The Ultimate Guide to Cleaning Business Insurance

Insurance is like a seatbelt - it might be uncomfortable to wear sometimes, but you'll be glad when you need it.

What is cleaning business insurance?

Insurance is a layer of protection that not only covers you and your employees from damage, liability, and theft but also gives your cleaning business credibility and your client's peace of mind.

Here are some common insurance terms that you'll run into when getting quotes for you cleaning business:

Policy - the agreed upon contract between you and the insurance company

Premium - the monthly cost of the insurance policy. Some things that will affect your premium are industry risk, how long you've been in business, bundling, and location.

Per Incident - the max amount of coverage the insurance company will pay for a single accident. The average is around $1 million. Higher limits will cost more, but will provide more coverage

Per Year - the max amount of money the insurance company will pay for annually. The average for this is around $2 million. Higher limits will cost more, but will provide more coverage.

Deductible - the max amount "out of pocket" money that you will pay for damages. Typically ranges from $500-$1,000

Certificate of Insurance (COI) - this is your proof of insurance. If you're working with property managers, they'll typically asked to see your COI and even ask if they can be added as an "additional insured." Skeptical homeowners have been known to ask for proof of insurance as well.

Additional Insured - anyone, other than the policyholder, with a business relationship who is covered by the policy.

How important is insurance and bonding as a house cleaner?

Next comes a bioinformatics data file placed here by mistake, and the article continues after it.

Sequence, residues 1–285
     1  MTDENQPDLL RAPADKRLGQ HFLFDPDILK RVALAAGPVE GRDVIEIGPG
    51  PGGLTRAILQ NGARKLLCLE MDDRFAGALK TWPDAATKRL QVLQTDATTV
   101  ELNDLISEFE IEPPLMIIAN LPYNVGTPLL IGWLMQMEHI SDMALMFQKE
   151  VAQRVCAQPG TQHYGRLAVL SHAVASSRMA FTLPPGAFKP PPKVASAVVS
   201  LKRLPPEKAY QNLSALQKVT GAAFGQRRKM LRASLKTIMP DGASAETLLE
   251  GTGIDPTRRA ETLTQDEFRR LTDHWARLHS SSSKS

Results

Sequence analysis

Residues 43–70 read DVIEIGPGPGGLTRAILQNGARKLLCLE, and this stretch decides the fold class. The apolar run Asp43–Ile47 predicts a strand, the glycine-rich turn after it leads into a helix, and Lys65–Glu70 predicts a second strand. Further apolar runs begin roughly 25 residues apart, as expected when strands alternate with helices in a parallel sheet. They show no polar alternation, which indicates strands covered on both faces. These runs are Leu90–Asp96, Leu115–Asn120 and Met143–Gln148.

Being insured and bonded is the minimum standard across the cleaning industry. It's like a seatbelt. Yea, it might be uncomfortable to wear sometimes, but you'll be glad when you need it.

The images above are just 3 examples of what can happen.

You'll notice a lot of solo cleaners wearing their uninsured status like a badge of honor, "I've been cleaning for [X] years and have never been injured or had any issues." Their risk tolerance is much higher than mine.

Not only are they exposing themselves to preventable damages, but what about all the potential customers that didn't hire them because they weren't insured?

Whenever a customer calls our cleaning company they ask 2 things:

  1. "What are your cleaning rates?"
  2. "Are you insured?"

If you answer "no" to the second question, then your answer to the first question better be extremely low or your lead will move on to the next cleaning service on their list.

Having insurance establishes your cleaning business as a credible and legitimate operation. It shows your customers that you're willing to invest in your company to protect their home.

What type of insurance do I need and how much will it cost?

Types of insurance and their costs will vary depending on a lot of variables, like...

  • Types of cleaning services you offer
  • Facilities you clean
  • If you have any employees
  • The number and types of commercial vehicles

Necessary Policies

General Liability - The most basic and essential coverage you will need. It provides financial protection from customer injuries and property damage, along with advertising injuries (i.e. slander and libel). The main factor in determining this price is your level of risk and typically average around $45 per month with a $1,000 deductible.

Worker's Compensation - Covers the cost of medical treatment when an employee suffers a work-related injury or illness. It also provides part of the wages lost while the employee is recovering and unable to work. Sole proprietors and independent contractors aren't required to carry workers' comp, but they can opt to buy it. Even when it's not required, it's a good idea to carry this coverage. It protects against work injury costs that health insurance might deny. required by most states if you have employees. Costs depend on how many employees you have. The average for this is less than $150 per month.

Errors and Omission (professional liability) - Provides financial protection if your client claims you didn’t do a good job or if you’re accused of making a mistake that causes someone to lose money. Accurate or not, you could have to pay to defend your business if they take legal action. Professional liability coverage will cover legal expenses or to amend the mistake for around $20 per month.

Tools and equipment - Covers the cost of repairing or replacing your cleaning equipment. Includes stolen, lost, borrowed equipment and even covers clothing. Averages around $15 per month